RALSTON PEAK 20X April 7, 2002
My favorite hiker companion, for now, Bob, arrived at my home for this short Sunday drive into the Northern Sierra. Web rumors about parking access spurred me on to take the drive up U.S. 50. It had been almost a month since my last activity, although I do urban hikes to keep up my conditioning.
I had finally received the software replacement CD for my new, clearance rack, Ixla digital camera a few days ago, but inadvertently forgot to take up any memory cards for my main digital camera, a Nikon Coolpix. I remembered this as I approached the trailhead, and wondered about going into South Lake Tahoe, CA, to purchase one. I did have my newer, limited, no frills, Ixla digital camera as back-up, so resolved to see how it did. I had never used it in the snow, so speculated about how it would do.
After stopping at the USFS Information Station, we obtained a wilderness permit, and as usual, they could not tell us about parking or snow conditions. I enjoyed motoring up the highway, and the South Fork of the American was flowing nicely, and was so beautiful. We spotted some kayakers on our return home.
The Ralston Peak Trail parking was clear of snow, so I parked my vehicle. We began our hike by 10:22 a.m. We ran into crusty snow almost immediately, and I sought to follow the trail as I could see it. Our footprints in the snow proved an excellent guide for our descent. Finding some other hikers' and skiers' tracks, we followed them as they led the way I knew would go, and we climbed steadily and slowly. A hazard in the form of wells around rocks and brush caused us to be careful not to fall into one of them. We had ice axes for probes, and saw postholes of up to three feet that some hiker ahead of us had made.
The day was beautiful. I kept track of our times and progress. Bob is new to snow climbing, and wanted to practice technique. The snow was too mushy for self-arrest practice, and I could not even manage a standing glissade on our way down.
We encountered a snowshoer, who said he camped up on top with his skiing friends. The spring corn was a bit soft, but the skiers made nice telemarks as they later passed by us.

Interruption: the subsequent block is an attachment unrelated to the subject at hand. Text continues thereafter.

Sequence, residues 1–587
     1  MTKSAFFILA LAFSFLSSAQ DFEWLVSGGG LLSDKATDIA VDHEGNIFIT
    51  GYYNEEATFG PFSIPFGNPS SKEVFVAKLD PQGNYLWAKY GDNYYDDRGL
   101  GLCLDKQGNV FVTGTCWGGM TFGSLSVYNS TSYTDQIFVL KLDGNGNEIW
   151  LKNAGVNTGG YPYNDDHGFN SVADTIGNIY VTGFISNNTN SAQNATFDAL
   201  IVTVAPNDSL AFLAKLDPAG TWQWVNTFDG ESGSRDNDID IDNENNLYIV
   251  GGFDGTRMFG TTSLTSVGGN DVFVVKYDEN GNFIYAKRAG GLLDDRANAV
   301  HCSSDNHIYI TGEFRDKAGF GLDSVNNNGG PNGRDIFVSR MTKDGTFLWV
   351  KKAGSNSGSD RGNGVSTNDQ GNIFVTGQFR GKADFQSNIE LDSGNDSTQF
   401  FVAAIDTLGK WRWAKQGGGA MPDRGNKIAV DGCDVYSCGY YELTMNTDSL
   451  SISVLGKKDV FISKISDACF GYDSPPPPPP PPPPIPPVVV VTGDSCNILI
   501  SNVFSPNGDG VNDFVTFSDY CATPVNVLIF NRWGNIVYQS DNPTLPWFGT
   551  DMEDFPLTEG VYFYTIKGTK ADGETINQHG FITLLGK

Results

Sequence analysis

Soon, we came to the 8,500' elevation ridge, and I knew we had it in the bag. I was so worried that my cheaper digital camera would prove deficient at snow scenes, with a light meter that wouldn't be good enough. I cursed myself for forgetting to bring even a small memory card for my other, much better, camera
Seeing the summit rocks, we hiked on up. The snow up high was firm and solid for hiking. Coming to the top at 2:12 p.m., the clouds and light were gorgeous! I prayed my new, bargain, digital camera would work for posting quality photos on this website. Ralston is not that important to me, so if there was a time to forget a memory card, this may have been it. These photos will be the only ones on this website not taken with a Nikon camera!
I had the camera set for normal, so the smaller .jpeg images would not be good enough for printing, of course.
The view was clear and fantastic. I wished I had brought my entire contingent of Nikon cameras!
We were both comfortable in just polyester T's, for quick drying. One could have taken a nap on top, the air was so still and pleasant. We both shot photos, and Bob enjoyed his first Sierra summit with me.
Starting down at 2:47 p.m., we hurried along. I plunge-stepped in my ascent tracks, to leave a nice "trail" for others to follow, perhaps. Having lots of time, we discussed dinner plans. As we got lower, the snow became mushier. I had advised Bob on this. It seemed even more difficult than climbing up at points!
I had to watch for undercut snow and moats. The brush created some hidden pockets, and we moved very slowly, not wishing to turn an ankle or break a leg! We got back into the trees, and I led us back nicely using our ascent tracks, and then caught the trail for the final 100 yards or so back to the trail's start. Shortcutting the dirt road, I was back to the car by 5:03 p.m.
We changed our clothes and sorted gear. I was off by 5:26 p.m., and some very light rain hit my windshield on our way past Strawberry, CA. Bob has a longer drive home, so I expedited my drinking and eating, and I stopped at a local Starbucks for his espresso to get him home.
The total stats are some 8 miles with 2,800' gain round trip. I shot 29 digital photos.
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